5. ^ "Group Immersive Simulator". Defence R&D Canada - Toronto. Archived from the original on 2011-07-06. Retrieved 2009-06-10.
  6. ^ "Dismounted Soldier Simulator". Defence R&D Canada - Toronto. Archived from the original on 2011-07-06. Retrieved 2009-06-10.
  7. ^ "Human Centrifuge". Defence R&D Canada - Toronto. Archived from the original on 2010-03-04. Retrieved 2009-06-10.
  8. ^ "Diving Research Facility". Defence R&D Canada - Toronto. Archived from the original on 2011-07-06. Retrieved 2009-06-10.
  9. ^ "Climatic Facility". Defence R&D Canada - Toronto. Archived from the original on 2011-07-06. Retrieved 2009-06-10.
  10. ^ "Hypobaric Altitude Chamber". Defence R&D Canada - Toronto. Archived from the original on 2011-07-06. Retrieved 2009-06-10.
  11. ^ "Noise Simulation Facility". Defence R&D Canada - Toronto. Archived from the original on 2011-07-06. Retrieved 2009-06-10.
  12. ^ "Canadian Diving Tables Used World-Wide". Defence R&D Canada - Toronto. Archived from the original on 2010-03-03. Retrieved 2009-06-10.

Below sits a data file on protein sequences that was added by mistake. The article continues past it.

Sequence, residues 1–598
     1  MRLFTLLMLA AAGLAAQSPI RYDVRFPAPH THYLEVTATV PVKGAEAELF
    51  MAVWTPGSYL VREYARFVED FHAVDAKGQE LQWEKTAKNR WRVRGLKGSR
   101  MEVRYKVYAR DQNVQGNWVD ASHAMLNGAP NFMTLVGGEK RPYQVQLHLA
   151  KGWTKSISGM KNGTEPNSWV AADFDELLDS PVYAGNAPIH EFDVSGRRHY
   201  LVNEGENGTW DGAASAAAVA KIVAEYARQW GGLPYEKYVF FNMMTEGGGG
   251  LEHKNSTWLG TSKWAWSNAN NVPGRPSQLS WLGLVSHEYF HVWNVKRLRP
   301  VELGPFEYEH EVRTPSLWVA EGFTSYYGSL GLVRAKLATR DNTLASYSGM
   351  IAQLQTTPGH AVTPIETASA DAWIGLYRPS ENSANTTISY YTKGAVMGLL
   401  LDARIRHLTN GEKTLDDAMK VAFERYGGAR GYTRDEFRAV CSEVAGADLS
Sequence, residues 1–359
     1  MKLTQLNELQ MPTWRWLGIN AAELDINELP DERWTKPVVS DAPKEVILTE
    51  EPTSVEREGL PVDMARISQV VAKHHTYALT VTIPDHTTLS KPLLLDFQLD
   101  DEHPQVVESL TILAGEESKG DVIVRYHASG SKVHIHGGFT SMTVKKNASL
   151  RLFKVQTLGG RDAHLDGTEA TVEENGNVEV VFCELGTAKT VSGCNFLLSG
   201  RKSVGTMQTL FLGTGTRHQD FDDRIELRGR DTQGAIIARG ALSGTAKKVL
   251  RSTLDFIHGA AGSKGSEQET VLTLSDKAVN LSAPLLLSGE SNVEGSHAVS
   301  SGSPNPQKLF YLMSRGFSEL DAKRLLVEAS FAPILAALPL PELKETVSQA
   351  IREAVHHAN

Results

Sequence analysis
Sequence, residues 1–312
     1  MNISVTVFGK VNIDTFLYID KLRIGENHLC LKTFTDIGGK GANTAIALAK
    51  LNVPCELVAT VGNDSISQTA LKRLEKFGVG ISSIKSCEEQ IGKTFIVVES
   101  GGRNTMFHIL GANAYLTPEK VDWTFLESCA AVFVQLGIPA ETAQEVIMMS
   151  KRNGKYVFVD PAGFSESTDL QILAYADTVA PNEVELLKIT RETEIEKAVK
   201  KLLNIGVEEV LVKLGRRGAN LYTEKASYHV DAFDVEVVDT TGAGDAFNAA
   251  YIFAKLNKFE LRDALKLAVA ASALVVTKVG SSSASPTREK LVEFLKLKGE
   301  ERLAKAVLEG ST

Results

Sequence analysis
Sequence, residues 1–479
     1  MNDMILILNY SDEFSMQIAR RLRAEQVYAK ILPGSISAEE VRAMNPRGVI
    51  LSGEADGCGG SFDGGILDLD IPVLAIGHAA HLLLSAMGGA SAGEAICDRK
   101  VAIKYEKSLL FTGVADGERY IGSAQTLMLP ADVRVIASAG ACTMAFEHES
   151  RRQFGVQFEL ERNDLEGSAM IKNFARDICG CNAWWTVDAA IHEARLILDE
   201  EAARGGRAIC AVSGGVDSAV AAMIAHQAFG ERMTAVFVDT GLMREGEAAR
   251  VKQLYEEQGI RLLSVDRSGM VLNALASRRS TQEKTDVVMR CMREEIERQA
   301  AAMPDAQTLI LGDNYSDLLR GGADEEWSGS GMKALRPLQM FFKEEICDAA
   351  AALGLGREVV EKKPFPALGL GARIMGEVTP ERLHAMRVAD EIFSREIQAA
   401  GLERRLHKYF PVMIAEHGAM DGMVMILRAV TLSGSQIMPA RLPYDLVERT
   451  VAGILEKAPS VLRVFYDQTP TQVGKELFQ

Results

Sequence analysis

13. ^ Nishi, RY; Lauckner, GR. "Development of the DCIEM 1983 Decompression Model for Compressed Air Diving". Defence R&D Canada Technical Report. Defence R&D Canada (DCIEM–84–R–44). Archived from the original on January 13, 2013. Retrieved 2009-06-10.{{cite journal}}: CS1 maint: unfit URL (link)
  14. ^ Chapple, JCB; Eaton, David J. "Development of the Canadian Underwater Mine Apparatus and the CUMA Mine Countermeasures dive system". Defence R&D Canada Technical Report. Defence R&D Canada (DCIEM 92–06). Archived from the original on August 8, 2009. Retrieved 2009-06-10.{{cite journal}}: CS1 maint: unfit URL (link)
  15. ^ "G Protection for Pilots". Defence R&D Canada - Toronto. Archived from the original on 2010-03-03. Retrieved 2009-06-10.
  16. ^ "Virtual Reality Simulator for Helicopter Deck Landing". Defence R&D Canada - Toronto. Archived from the original on 2010-03-03. Retrieved 2009-06-10.
  17. ^ "Soldier Load Carriage Systems: Biomechanical Measurement Tools". Defence R&D Canada - Toronto. Archived from the original on 2011-07-06. Retrieved 2009-06-10.
  18. ^ http://www.airforce.forces.gc.ca/v2/nr-sp/index-eng.asp?id=1514 Archived 2011-06-11 at the Wayback Machine |

External links[edit]

Coordinates: 43°45′02″N 079°28′07″W / 43.75056°N 79.46861°W / 43.75056; -79.46861 (DRDC Toronto)